Constant Spending and Variable Retirement Age

This is a guest post by Robert, who lives in Calgary and works as a financial advisor retired at 34. He is married, has three kids.  Robert and his wife then plan to return to school and become teachers, eventually living and working overseas.

Thinking back two years or five years or ten years, how did your earnings then compare to your earnings now? Due to improving skills, seniority and inflation, many of us earn a larger income over time.  In my experience, as people earn more, they choose to spend more.

For example, I worked with a young couple who were both employees of the provincial government. As we reviewed the information about their benefits, it quickly became apparent that they would be able to retire between age 50 and 52 with a full pension. After that conversation, they decided to increase their spending, buying a rental property, buying a vacation property and buying a new car. If they’re going to be able to retire early anyway, the thinking seemed to be that they might as well spend their excess income.

For the people that I advised, the retirement age of 60 or 65 seemed to be a constant. When they earned any extra money, they chose to use it for additional spending. In this way, once they were on track to retire at age 65, the variable was how much they spent on their lifestyle in the meantime.

When I began earning an increasing income at work, I chose to hold constant my present spending. As I earned more, I started by paying down more debt. Then I used more money to invest (given the market opportunities). Because my additional income went to increasing my net worth, my retirement date moved ever closer. For me, the variable was when I would be financially prepared to retire.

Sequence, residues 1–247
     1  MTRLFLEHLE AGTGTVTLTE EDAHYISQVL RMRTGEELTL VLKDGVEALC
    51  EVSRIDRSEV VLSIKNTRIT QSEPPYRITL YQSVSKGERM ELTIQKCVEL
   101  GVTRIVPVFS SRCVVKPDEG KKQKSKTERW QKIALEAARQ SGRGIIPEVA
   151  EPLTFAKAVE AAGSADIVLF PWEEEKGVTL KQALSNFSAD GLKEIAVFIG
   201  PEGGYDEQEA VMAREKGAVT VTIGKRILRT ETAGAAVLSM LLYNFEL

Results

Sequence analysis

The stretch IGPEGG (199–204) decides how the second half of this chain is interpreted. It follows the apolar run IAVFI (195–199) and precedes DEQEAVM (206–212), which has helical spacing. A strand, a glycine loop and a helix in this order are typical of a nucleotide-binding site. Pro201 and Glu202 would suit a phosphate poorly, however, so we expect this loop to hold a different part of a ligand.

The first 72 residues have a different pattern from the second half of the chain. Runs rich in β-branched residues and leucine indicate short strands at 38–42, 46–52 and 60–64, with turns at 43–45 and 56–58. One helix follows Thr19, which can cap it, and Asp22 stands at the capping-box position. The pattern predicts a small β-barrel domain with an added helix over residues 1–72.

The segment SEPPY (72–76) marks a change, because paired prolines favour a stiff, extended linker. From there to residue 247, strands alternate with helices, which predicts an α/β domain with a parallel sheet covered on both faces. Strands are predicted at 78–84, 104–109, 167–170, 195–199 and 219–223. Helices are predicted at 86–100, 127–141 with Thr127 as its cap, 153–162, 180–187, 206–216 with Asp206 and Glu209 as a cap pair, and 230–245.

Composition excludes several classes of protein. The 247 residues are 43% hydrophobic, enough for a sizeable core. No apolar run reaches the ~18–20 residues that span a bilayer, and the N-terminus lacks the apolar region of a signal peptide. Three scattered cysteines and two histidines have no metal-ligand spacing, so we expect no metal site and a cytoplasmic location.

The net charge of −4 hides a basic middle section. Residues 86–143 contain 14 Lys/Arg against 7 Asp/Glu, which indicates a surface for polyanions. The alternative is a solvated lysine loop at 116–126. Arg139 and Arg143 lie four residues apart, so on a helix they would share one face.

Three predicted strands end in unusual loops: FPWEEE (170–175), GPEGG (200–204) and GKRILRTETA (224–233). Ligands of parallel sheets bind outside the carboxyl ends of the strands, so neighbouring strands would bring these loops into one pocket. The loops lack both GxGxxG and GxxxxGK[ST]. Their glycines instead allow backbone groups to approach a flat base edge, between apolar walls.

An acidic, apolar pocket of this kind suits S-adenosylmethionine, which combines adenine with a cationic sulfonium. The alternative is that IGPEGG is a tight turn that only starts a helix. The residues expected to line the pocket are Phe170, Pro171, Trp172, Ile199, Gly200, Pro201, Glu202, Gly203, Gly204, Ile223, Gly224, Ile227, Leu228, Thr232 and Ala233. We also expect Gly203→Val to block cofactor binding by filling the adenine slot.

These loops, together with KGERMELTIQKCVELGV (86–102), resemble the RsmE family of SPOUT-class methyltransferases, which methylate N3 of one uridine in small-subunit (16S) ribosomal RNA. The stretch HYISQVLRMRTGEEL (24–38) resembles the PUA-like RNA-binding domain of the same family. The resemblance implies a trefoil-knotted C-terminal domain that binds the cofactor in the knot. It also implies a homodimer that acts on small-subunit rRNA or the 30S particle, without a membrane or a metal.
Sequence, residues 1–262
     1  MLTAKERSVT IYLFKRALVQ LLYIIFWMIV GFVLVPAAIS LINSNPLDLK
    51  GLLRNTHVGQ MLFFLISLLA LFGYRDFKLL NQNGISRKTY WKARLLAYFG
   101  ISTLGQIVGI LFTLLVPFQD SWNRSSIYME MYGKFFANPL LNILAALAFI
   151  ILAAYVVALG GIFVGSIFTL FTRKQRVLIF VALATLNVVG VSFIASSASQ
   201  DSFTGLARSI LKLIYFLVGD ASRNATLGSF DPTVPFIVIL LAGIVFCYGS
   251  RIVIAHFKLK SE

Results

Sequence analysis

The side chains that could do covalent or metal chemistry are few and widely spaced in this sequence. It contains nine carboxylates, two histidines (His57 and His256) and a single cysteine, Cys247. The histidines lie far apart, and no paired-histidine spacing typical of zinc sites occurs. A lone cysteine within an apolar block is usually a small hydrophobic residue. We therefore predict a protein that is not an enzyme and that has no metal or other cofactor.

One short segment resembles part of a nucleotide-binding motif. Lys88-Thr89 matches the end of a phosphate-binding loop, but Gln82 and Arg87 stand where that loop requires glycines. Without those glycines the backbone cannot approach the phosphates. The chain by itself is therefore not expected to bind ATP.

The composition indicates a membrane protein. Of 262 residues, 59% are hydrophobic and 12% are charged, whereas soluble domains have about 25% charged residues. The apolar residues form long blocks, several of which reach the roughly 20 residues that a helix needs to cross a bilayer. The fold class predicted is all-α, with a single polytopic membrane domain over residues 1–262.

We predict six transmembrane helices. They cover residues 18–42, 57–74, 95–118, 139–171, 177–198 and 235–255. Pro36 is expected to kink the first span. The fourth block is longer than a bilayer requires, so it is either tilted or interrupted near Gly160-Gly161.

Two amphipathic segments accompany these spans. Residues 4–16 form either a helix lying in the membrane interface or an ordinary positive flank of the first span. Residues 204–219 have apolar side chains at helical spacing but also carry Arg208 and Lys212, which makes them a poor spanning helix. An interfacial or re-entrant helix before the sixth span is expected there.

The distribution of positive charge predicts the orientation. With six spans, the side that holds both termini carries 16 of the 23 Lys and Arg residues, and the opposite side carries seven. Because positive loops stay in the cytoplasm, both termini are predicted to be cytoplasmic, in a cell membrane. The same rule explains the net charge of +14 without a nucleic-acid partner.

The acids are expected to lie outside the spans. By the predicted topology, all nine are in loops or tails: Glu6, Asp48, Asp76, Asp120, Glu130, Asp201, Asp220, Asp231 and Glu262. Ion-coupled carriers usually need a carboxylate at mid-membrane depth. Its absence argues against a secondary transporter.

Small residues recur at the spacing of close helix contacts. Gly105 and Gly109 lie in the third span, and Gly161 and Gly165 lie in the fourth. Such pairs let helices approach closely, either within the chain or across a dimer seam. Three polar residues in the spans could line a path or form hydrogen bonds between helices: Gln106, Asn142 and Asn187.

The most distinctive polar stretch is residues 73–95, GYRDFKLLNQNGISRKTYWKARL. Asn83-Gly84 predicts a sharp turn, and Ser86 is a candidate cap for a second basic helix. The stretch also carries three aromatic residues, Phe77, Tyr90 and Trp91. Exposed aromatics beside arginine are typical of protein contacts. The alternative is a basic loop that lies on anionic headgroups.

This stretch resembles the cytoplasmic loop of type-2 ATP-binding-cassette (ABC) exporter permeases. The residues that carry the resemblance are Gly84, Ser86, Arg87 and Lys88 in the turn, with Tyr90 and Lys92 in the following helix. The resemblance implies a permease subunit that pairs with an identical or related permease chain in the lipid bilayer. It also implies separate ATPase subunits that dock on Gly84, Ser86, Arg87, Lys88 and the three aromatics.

Everyone in our society has the ability to be creative with how they use their money. Many of us are lucky to earn more than we need to survive. That excess money can either be used to increase spending and current enjoyment, or to bring forward the time of retirement (while holding spending constant). Do you make a conscious choice of how to handle additional income? If so, how do you choose where to allocate it?

3 thoughts on “Constant Spending and Variable Retirement Age”

  1. If retirement is only 5 years away and will last 30-50 years, then every $10k stashed into my brokerage account is $100/mo of income that I will have in retirement. Why would I want to delay that retirement by spending the money now?

  2. My partner is very close to finishing school and most likely getting a job that pays significantly more than my job. Combined, we’ll make more money than we need, which is where lifestyle inflation comes in. I don’t understand why it is not more common for people to realize spending less equals earlier ‘retirement’ (or as I like to call it, time to do what I want instead).

    Perhaps we need an outsider opinion?

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